Ambassadors of Peace

by a sister at IGotItCovered.ORG
Time and time again, we must remind ourselves that our actions and words are constantly on display, so that we are able represent Islam wisely.
Some call them “dinner ladies,” a few call call them “lunch ladies,” but at my school they’re called “midday supervisors.” Sometimes, one of them comes to our table during lunch for a little chat. She’s a short, bubbly, blonde-haired woman who can always make us laugh and is very friendly – so I like her!
One day at lunch my friends and I were talking about the different ways we tie and pin our hijabs for school. The midday supervisor suddenly took a great interest in how we draped and securely pinned our hijabs around our heads. I was gesturing the way I tie my hijab when she abruptly said, “Who are you promised to then?” It was loud and busy in the cafeteria, so I thought I heard wrong.
“Sorry?” I replied.
“You’re promised to someone now, aren’t you, ’cause you wear a scarf…?”
I took a long, hard look at her face and confirmed that she genuinely thought the reason we observe the hijab was because we were apparently betrothed to someone. My friends and I looked at each other in silence before we involuntarily broke into giggles. I was just about to tell her that this was not the case and tell her the truth about hijab when a group of boys started a fight and she was whisked away to deal with the problem. I felt bad for not saying anything as I walked out of the cafeteria to pray Dhuhr before lunch ended.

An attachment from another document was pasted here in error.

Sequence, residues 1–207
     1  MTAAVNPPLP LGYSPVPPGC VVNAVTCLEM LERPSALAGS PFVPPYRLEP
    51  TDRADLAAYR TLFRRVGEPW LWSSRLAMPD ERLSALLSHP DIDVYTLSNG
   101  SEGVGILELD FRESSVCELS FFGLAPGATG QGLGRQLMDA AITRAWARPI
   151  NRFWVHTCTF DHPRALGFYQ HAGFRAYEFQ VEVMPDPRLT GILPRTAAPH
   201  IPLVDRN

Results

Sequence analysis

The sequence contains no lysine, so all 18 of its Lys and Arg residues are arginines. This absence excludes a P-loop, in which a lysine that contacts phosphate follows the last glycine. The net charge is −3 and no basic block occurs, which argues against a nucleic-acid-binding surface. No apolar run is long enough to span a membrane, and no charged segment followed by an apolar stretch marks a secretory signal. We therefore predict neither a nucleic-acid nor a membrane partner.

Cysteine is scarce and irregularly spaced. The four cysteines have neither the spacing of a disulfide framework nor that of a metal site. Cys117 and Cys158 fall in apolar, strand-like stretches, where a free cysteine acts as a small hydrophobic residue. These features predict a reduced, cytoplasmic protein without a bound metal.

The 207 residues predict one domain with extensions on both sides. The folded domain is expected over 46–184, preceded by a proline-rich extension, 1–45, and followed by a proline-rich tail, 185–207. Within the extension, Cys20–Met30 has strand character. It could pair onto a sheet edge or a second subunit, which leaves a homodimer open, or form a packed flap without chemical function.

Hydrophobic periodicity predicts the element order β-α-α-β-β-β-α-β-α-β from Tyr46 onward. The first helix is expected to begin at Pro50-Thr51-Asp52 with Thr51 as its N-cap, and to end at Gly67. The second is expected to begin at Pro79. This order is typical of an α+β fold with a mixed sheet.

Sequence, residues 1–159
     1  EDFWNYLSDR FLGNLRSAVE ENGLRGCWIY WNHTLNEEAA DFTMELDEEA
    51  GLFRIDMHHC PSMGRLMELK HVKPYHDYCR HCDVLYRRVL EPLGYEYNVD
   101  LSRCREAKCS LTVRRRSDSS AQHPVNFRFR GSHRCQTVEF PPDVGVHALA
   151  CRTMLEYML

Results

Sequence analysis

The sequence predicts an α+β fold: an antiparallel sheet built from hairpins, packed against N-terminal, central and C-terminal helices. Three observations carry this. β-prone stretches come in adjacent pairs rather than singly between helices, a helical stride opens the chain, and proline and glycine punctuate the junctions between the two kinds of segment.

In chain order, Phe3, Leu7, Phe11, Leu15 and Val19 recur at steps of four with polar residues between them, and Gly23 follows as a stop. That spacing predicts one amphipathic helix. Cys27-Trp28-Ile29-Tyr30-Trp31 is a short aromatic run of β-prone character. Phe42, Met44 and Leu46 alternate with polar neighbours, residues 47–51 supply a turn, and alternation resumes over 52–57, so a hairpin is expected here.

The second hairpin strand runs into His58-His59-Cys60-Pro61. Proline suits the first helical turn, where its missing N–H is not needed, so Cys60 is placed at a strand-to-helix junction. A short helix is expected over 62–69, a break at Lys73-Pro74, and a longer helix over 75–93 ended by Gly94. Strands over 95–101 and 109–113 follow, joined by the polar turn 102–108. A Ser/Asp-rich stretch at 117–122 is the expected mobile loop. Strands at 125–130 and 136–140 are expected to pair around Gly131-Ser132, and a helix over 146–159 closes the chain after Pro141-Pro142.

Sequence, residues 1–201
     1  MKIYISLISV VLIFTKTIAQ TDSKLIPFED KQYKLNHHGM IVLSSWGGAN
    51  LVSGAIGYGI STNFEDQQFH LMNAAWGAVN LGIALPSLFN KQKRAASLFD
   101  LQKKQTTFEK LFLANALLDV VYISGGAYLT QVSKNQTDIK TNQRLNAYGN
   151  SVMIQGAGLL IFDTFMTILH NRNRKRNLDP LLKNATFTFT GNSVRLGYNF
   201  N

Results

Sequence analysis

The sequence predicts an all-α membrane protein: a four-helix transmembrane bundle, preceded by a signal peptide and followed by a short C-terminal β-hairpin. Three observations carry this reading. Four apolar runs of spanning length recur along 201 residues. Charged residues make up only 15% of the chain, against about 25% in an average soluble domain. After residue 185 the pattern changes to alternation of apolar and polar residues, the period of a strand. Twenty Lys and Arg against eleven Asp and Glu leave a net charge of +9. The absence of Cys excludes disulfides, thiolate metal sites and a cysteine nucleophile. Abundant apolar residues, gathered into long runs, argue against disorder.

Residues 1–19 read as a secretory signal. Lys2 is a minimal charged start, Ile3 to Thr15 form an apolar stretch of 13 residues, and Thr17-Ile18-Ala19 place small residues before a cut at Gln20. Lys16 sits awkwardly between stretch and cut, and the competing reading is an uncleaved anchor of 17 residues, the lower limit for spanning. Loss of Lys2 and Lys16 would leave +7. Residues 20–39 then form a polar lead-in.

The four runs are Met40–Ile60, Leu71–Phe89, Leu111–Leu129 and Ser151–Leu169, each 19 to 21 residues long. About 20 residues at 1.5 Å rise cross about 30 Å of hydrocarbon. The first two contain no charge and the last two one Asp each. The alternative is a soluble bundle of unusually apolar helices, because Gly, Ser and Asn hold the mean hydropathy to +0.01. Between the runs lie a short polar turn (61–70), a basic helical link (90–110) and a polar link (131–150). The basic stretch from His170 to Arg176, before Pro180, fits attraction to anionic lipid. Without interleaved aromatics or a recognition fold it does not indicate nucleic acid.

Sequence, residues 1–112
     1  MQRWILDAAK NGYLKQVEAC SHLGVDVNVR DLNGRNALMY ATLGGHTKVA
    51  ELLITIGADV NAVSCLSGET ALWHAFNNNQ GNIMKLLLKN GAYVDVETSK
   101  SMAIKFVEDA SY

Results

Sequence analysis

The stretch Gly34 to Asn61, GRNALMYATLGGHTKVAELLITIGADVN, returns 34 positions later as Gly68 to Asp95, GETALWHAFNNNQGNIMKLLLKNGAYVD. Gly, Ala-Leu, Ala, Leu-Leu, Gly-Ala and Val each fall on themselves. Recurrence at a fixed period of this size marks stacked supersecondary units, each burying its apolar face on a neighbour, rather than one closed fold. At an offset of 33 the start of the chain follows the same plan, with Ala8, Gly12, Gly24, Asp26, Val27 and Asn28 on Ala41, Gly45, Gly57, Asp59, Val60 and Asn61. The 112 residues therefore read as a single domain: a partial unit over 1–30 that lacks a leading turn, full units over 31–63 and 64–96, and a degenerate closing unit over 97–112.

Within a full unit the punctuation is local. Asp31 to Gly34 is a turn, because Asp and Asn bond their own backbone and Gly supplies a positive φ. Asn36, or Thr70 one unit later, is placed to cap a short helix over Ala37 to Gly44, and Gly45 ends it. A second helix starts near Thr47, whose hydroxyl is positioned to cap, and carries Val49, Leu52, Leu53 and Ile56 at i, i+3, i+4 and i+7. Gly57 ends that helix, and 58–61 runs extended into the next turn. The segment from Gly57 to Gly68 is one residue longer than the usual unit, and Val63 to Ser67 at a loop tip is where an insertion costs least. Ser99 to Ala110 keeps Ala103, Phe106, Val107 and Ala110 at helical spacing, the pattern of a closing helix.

After I had praised my Lord in salah, I was walking through the hallway when I met my younger sister and briefly spoke to her. Once we went our seperate ways, I saw the midday supervisor again. She asked me if that was my sister and I replied with a nod. “Yeah, she’s my younger sister.”
I awaited the usual reply people give when they find out my sister is younger than me: Oh my gosh! But she’s taller than you! Instead, the midday supervisor said, “How come she doesn’t cover? She’s not betrothed yet?”
Once again, she was genuinley questioning this – I could see the curiosity in her face. I answered her question. “She hasn’t decided to cover yet. She’s still young – she hasn’t made the decision.” A look of confusion clouded the woman’s face so I carried on explaining. “Muslim girls choose to cover so that they are seen for who they are, rather than what they look like. We dress modestly because God told us to and to be honest, it’s pretty cool,” I smiled. “It has nothing to do with betrothals or marriage, Miss. They’re not connected in anyway whatsoever! It’s our own choice to cover. I’m not forced into anything and with this choice I haven’t felt more free!” I said, outstretching my arms.
Her smile met mine before I noticed I was getting late for class. As I walked to Chemistry, I found it so strange that she actually thought that, when a good number of the school population was Muslim. She had confused culture with faith to such an extremity.